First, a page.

Proving the Business Case for the Internet of Things

Canadian university lands $2m grant to protect smart grids

Steve Rogerson
December 7, 2016



Concordia University has received $2.165m over five years to research cyber security threats to Quebec’s power systems. The funding was awarded by the Natural Sciences & Engineering Research Council of Canada (NSERC) through its Industrial Research Chairs programme.
 
Mourad Debbabi, professor in the Canadian university’s Faculty of Engineering & Computer Science and research chair in information systems security, was named principal chairholder and will work alongside industry co-sponsors Hydro-Québec and Thales to conduct research into Quebec’s power grid system. The aim is to protect the province’s power supplier from the threat of attacks on its cyber-physical system. These systems encompass software, communication technology and sensors that interact with the real world.
 
“I’ve worked actively with the industry over the last few years to put this research programme into place; it’s a great pleasure to now be in a position to execute what we’ve envisaged,” said Debbabi. “I have no doubt it will strengthen Concordia’s already prominent cyber-security task force and concretise our leadership in the area both nationally and internationally.”
 
Debbabi will lead a team of about 25 researchers, professors, graduate students, postdoctoral researchers and industry experts in exploring smart grid technologies and protocols to come up with new cyber-threat detection, prevention, mitigation and recovery methods to enhance the overall security of Quebec’s power system.
 
“The Concordia Institute for Information Systems Engineering (CIISE) has a long-standing reputation as a valuable collaborator alongside government and business partners pursuing research in the field of cyber security,” said Concordia president Alan Shepard. “This latest partnership will further advance developments that will protect against the threats to cyber safety and economic losses posed by attacks against power networks.”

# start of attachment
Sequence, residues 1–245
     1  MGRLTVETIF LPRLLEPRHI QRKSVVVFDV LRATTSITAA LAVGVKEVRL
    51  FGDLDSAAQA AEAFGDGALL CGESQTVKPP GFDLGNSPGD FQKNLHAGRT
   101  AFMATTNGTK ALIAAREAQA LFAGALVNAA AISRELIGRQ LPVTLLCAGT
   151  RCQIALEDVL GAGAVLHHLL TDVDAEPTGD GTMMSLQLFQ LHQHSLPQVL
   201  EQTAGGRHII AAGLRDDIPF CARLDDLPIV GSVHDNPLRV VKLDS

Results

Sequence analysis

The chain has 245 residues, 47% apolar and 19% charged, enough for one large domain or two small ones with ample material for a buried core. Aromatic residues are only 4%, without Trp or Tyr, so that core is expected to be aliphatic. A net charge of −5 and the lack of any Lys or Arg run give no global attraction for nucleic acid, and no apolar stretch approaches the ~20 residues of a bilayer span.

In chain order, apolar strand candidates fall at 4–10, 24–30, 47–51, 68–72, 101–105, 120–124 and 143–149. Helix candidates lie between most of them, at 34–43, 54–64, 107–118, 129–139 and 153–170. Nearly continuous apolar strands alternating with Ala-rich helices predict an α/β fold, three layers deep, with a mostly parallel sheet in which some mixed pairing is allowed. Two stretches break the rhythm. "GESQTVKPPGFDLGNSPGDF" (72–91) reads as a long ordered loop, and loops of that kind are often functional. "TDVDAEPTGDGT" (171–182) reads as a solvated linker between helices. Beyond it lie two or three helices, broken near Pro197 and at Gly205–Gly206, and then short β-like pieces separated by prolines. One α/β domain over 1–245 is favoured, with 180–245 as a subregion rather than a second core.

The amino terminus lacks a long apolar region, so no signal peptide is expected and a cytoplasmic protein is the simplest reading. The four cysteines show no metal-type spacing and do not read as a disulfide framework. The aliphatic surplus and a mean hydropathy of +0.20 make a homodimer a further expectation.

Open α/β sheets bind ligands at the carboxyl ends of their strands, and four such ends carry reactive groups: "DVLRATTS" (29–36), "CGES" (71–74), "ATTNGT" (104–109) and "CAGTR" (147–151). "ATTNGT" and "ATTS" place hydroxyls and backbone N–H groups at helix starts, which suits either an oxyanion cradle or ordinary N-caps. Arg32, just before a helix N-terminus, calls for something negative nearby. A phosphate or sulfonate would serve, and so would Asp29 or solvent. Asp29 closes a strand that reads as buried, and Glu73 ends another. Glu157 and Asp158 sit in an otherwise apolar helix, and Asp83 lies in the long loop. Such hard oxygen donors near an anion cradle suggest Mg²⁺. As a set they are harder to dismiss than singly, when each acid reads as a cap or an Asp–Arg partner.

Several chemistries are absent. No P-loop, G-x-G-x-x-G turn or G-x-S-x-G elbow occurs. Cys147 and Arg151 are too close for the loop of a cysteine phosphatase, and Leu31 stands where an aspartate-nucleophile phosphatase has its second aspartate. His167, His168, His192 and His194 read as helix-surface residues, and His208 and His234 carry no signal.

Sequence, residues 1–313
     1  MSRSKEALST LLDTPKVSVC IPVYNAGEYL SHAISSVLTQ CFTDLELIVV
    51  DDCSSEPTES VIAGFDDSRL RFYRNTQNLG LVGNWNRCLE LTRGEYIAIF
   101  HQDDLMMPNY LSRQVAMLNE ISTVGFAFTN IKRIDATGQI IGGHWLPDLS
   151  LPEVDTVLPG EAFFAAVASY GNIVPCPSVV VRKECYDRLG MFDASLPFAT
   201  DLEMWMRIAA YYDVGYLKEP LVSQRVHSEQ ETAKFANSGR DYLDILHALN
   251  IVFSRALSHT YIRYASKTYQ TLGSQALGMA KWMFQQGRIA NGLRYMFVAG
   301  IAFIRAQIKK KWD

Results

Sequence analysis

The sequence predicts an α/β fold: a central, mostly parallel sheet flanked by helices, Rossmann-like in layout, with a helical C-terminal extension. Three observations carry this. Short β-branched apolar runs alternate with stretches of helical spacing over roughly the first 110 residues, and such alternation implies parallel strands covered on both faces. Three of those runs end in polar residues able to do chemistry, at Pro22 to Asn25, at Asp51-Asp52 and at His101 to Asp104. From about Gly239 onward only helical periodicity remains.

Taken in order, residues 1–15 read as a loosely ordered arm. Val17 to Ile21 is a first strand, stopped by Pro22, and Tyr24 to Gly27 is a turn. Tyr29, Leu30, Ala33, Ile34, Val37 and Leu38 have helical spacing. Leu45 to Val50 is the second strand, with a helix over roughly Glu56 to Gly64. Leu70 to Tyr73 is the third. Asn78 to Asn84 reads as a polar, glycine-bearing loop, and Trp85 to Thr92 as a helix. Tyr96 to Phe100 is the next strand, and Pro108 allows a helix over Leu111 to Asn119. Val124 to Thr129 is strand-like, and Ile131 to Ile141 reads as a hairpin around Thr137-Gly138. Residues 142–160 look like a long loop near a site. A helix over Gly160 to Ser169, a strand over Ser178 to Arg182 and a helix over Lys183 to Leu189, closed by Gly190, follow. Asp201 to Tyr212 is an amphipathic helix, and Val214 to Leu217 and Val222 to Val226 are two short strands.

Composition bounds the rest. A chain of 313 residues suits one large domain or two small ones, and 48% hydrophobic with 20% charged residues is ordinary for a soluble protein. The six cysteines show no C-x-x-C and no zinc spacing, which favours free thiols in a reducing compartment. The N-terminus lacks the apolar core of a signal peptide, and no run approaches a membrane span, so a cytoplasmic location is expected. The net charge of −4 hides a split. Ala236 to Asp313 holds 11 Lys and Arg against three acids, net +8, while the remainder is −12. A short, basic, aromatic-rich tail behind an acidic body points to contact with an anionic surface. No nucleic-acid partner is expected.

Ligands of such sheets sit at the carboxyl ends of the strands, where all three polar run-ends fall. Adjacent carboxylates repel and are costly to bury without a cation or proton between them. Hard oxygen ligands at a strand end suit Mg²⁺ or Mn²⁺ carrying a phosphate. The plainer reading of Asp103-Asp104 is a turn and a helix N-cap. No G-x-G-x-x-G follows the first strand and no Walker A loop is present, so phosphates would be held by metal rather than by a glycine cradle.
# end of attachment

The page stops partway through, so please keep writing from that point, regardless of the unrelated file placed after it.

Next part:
Justin Powlowski, Concordia’s interim vice-president of research and graduate studies, said the focus of both Debbabi’s research, as well as the mission of the CIISE, was to provide an interdisciplinary approach to research on information systems applied to all engineering disciplines.
 
“Concordia is emerging as a leader in investigating cyber attacks, and devising and refining cyber-security reinforcements,” he said. “In fact, the CIISE was one of the first programmes in Canada to fully specialise in cyber security.”
 
Representatives from co-sponsors Hydro-Québec and Thales are confident that the industrial research chair in enhancing smart grid security will further develop knowledge to protect crucial public services such as hospitals, police stations, banks and other organisations with computerised systems.
 
Hydro-Québec’s system is becoming increasingly automated. The company is adding functions to make it even more productive, so it can, for example, adapt to real-time operating conditions, more easily integrate renewables and increase potential interaction with its customers.
 
“Integrating more intelligence into the network does of course mean increased cyber-security challenges,” said Jérôme Gosset, general manager of IREQ, Hydro-Québec’s research institute. “The new chair announced today will help advance current knowledge and develop new knowledge on cyber security applied to large power systems, which will benefit Hydro-Québec.”
 
Siegfried Usal, vice-president of strategy for Thales, added: “As a world leader in cyber security, Thales is committed to protecting critical infrastructure from increasingly sophisticated cyber attacks through best in class cyber-security technologies, by addressing the entire data security chain from security consulting or data protection to intrusion detection and security supervision through cyber-security operation centres. This partnership with Concordia will allow us to develop new talents in the field of cyber security and explore more ways of guaranteeing network resilience in the face of emerging threats.”
 
Concordia has seven full-time faculty members with core expertise in cyber security and specialised master's programmes in information systems security with more than 150 graduate students enrolled. More than 60 members are actively pursuing research in the Cyber Security Research Centre. Their work examines a variety of issues from cyber security and cyber-physical security to cyber forensics and privacy protection.
 
“In view of the rapid development of smart grid technologies to replace the traditional power grid framework, the work of Debbabi’s interdisciplinary team will provide invaluable research on improving cyber security in smart grid systems and reducing associated security vulnerabilities,” said Amir Asif, the dean of Concordia’s Faculty of Engineering & Computer Science. “The CIISE remains an international leader in investigating cyber attacks and enhancing network privacy.”
 
The picture is © Concordia University.